In addition to melanosomes, there are some other pigments in the animal body, such as heme and carotene, but these pigments are not stored in a special cell structure. They are easily degraded during the formation of fossils, and once they are degraded, they are almost irrecoverable. These colored pigments are almost invisible in fossils. However, scientists have discovered that many pigments are related to certain metal atoms. For example, the central element of heme is iron, and the enzyme that synthesizes eumelanin requires copper. Therefore, if relevant elements are found in the fossils, the body color of the part can also be inferred.
  ”Colorful black” What is black
  Actually, if you observe carefully, you will find the biological body color is not a single color. Under light exposure, the body color of organisms often varies in shades. This is because body color is not entirely determined by pigments, but is also related to body structure. The microstructure of different body parts will affect the penetration path and the degree of reflection of light, filtering or reflecting specific wavelengths of light, so that we will see different colors. Scientists call this color produced by different body structures as structural colors, which are much brighter and richer than pigment colors.
  Beetles are a typical representative of structural colors. With dozens of beetles placed in one place, it is almost impossible to find two of the same color. It is unbelievable that these “skin colors” are also produced by the same pigments. Maria McNamara, a paleontologist at Cork University in Ireland, and her team studied the fossils of about 600 different insects and found that the exoskeleton of these insects (a kind of hard external structure that covers the whole body unique to insects) is It is made up of many thin layers only 100 nanometers thick. These thin layers reflect different degrees of light. The more layers, the brighter the colors displayed. Therefore, despite the same pigment composition, the beetle’s skin color will not be exactly the same.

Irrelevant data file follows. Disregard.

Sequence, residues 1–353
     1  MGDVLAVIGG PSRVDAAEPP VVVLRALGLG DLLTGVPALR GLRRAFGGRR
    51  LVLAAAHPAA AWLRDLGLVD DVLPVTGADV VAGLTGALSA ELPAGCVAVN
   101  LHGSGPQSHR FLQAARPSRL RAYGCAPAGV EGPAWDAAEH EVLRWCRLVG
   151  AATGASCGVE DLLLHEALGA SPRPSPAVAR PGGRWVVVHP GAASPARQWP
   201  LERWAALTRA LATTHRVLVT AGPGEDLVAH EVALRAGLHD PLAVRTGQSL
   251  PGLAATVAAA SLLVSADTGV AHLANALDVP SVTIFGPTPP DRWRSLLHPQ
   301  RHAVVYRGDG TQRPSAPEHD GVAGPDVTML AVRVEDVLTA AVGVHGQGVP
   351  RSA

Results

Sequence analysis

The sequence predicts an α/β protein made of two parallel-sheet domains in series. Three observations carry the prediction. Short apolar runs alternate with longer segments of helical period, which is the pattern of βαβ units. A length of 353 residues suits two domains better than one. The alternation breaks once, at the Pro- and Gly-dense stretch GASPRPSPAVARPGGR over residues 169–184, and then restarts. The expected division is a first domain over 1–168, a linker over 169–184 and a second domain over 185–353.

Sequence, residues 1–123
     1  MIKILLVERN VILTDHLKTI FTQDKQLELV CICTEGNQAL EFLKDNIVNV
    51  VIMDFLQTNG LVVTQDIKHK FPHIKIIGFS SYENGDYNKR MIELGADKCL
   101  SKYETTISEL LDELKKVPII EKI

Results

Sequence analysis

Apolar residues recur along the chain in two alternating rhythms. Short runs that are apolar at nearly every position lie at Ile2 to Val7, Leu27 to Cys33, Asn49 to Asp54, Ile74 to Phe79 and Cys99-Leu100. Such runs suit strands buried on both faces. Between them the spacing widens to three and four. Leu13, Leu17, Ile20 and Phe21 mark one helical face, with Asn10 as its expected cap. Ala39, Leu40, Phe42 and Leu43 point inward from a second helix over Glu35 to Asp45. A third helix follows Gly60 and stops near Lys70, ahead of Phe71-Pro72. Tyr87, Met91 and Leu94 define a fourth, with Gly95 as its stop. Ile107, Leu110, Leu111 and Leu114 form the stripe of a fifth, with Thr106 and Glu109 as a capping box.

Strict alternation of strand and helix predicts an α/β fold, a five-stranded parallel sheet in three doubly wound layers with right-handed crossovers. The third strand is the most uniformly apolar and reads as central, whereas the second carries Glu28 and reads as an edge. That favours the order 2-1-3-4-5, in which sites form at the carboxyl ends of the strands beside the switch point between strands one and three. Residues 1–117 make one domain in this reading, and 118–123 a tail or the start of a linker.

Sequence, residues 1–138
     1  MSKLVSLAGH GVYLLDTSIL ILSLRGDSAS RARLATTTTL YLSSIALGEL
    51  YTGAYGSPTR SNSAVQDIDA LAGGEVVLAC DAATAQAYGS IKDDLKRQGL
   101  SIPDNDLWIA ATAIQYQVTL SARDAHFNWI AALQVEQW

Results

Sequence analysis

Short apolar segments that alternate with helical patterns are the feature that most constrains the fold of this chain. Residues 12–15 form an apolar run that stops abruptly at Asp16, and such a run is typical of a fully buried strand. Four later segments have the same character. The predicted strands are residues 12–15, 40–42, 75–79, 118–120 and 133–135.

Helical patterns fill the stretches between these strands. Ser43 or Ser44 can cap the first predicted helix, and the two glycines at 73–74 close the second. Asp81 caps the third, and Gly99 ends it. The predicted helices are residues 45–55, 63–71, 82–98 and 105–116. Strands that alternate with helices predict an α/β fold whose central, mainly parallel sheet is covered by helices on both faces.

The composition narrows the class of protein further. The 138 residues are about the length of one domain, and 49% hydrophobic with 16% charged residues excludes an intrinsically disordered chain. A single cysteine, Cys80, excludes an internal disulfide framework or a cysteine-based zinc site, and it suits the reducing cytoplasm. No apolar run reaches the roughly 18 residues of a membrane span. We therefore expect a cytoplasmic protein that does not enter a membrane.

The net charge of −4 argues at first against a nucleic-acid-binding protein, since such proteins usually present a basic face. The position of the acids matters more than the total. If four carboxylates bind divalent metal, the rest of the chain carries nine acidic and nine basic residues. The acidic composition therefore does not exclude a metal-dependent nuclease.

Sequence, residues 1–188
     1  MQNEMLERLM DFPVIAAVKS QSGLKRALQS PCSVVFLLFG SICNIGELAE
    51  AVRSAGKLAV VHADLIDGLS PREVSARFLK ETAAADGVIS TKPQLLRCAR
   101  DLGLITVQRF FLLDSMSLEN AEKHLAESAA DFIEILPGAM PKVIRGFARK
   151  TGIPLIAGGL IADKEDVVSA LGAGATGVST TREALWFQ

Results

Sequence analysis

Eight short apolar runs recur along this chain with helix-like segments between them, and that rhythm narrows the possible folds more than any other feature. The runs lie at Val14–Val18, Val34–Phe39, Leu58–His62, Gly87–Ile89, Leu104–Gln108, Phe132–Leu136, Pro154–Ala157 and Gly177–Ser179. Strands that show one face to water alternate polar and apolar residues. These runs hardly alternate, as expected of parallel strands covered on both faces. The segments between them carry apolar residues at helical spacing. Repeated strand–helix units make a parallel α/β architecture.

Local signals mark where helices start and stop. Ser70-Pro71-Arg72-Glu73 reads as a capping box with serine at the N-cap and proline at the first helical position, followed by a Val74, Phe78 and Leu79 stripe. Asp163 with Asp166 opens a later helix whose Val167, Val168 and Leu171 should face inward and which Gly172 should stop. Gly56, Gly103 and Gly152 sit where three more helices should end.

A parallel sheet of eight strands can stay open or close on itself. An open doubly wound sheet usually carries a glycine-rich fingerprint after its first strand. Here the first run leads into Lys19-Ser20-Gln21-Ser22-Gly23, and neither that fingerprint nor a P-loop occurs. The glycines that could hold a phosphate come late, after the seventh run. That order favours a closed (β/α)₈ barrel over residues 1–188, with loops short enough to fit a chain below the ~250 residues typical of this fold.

Microraptor is another representative of colorful structural colors. Among the fossils of Microraptor, researchers from Peking University and the University of Texas in the United States have only found melanosomes, but they believe that Microraptor’s “black skin” is not simply black. It is a kind of “colorful black” that can reflect multi-colors, thanks to the nanostructure of melanosomes.
  The researchers took 26 samples from various parts of Microraptor, scanned the structure and distribution of the melanosomes in these parts, and then compared them with the melanosomes of modern birds’ rainbow-colored feathers. Data analysis shows that the melanosomes of the rainbow-colored feathers are more slender and arranged more regularly than the melanosomes of the black-gray feathers. Among the 26 samples of Microraptor, 7 were not detected. Samples, 13 of the remaining 19 samples have the same shape and arrangement as the melanosomes of rainbow-colored feathers. Based on this, the researchers concluded that the black feathers of Microraptor would reflect blue, green, red, yellow and other colors under different light angles.